Aardvark Swift and Develop introduce our competition to find the UK's brightest graduate
Develop has teamed up with Aardvark Swift to launch a competition designed to find the UK’s brightest graduate – but what exactly is involved? Ed Fear caught up with programme manager Hollie Heraghty to find out more…
First of all, what is Search for a Star, and what does it hope to achieve as a competition?
Search for a Star is an X Factor-style talent competition we’re running in conjunction with UK universities, Develop magazine and the UK games development industry. It’s designed to highlight and reward the UK’s most promising video games programmers. Through three different stages, students will be tested and be asked to demonstrate that they have the skills, passion and the technical knowledge that the games industry is crying out for.
It will ultimately help provide opportunities for talented graduate programmers to get into the games industry, through experience, exposure and winning a Develop Award. We’re hoping that Search For a Star helps to plug the skills gap and will provide great talent for UK games studios.
How many students and universities have you got taking part?
We’ve approached approximately 50 UK universities, and a large percentage of those are taking part. The numbers of students vary from uni to uni – some feel they have two or three excellent candidates, others have nominated the full maximum of 10.
What has feedback been like from Universities so far?
The feedback from universities has been very positive. We have excellent relationships in place with many through our previous work delivering our annual careers talks. Many of the them also agree that there is a place for a competition like this. The focus is on the individual, as apposed to a team effort. The programming elements are completely technical and it shouldn’t clash with their studies.
The universities want the industry to let them know exactly what technical skills are required. They can see that this can be gained through the feedback that will be given to them; they’ll be able to see what is good about their courses and which areas they could develop and improve. They agree that as well as providing opportunities for their graduates, Search for a Star will help provide a valuable link between UK games developers and academic institutions. This should help universities focus future course content, which will in turn help to produce graduates with the skills and knowledge required to begin a career in the video games industry.
Have you spoken to any studios about it? Do they see it as a worthwhile competition?
In general yes. We’ve had an excellent response from forward thinking studios, as well as support from Skillset. However we find that developers fall into two camps: those that want to help to improve the calibre of graduates and those that just want to moan about it. Many studios are open to the idea of graduates, but feel that they are lacking the skills or the hobbyist projects or demos that they would require to consider them.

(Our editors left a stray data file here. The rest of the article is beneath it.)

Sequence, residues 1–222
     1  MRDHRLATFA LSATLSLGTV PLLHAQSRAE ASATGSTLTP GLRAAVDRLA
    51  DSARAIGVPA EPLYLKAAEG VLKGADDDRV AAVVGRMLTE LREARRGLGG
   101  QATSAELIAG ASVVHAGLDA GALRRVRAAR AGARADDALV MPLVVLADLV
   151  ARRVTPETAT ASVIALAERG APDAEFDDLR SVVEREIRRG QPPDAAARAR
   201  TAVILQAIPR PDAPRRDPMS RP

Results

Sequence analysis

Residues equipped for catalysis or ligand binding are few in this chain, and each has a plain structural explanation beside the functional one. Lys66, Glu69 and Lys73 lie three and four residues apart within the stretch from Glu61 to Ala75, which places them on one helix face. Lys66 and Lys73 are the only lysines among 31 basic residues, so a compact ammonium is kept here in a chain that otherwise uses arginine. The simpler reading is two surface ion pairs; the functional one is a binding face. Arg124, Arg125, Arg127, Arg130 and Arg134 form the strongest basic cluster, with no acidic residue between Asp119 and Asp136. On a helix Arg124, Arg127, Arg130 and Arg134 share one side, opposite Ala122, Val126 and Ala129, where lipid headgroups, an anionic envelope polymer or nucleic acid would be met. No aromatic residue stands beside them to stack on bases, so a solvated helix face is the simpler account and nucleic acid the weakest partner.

The response from Relentless Software has been amazing. I spoke with them because I was aware how actively they recruit graduates and felt that working together would give a greater credibility to the competition. Relentless devised and will mark the first and second stages of the competition. Sarah Maynard and Lizi Attwood have been a great help and support and have backed the competition with a lot of enthusiasm. Their help has really been invaluable, and their response cemented our belief that it’s a worthwhile competition.
What is the aim of the first round of technical questions?
The first round is designed to mimic the technical interview that a graduate would face after applying for a job at a studio. There are ten technical questions.
Students complete these under exam conditions so we’re confident that the answers are the students own. The last question allows scope for the students to shine (see boxout), to demonstrate the standard that we are looking for.
What comes after that?
The next stage of the competition is a second technical round. The remaining students will be given a task-based question, which will allow them to get to grips with some code, do some debugging and implement relevant changes.
Those students who are successful in this stage will be invited to a panel interview, then the winning student will then be invited to the Develop Awards to collect their Search for a Star award.
How many people do you expect to put forward for the panel interview?
This will depend a little on the calibre and quantity that make the cut from previous rounds – but we estimate six people.
What sorts of people do you anticipate being part of the interview panel?
The panel will contain a mixture of judges: a representative from recruitment, one from a technical background and hopefully a senior figure or two from the development industry. We will be talking to the students about their technical answers, going through their CV and assessing their passion and enthusiasm for games.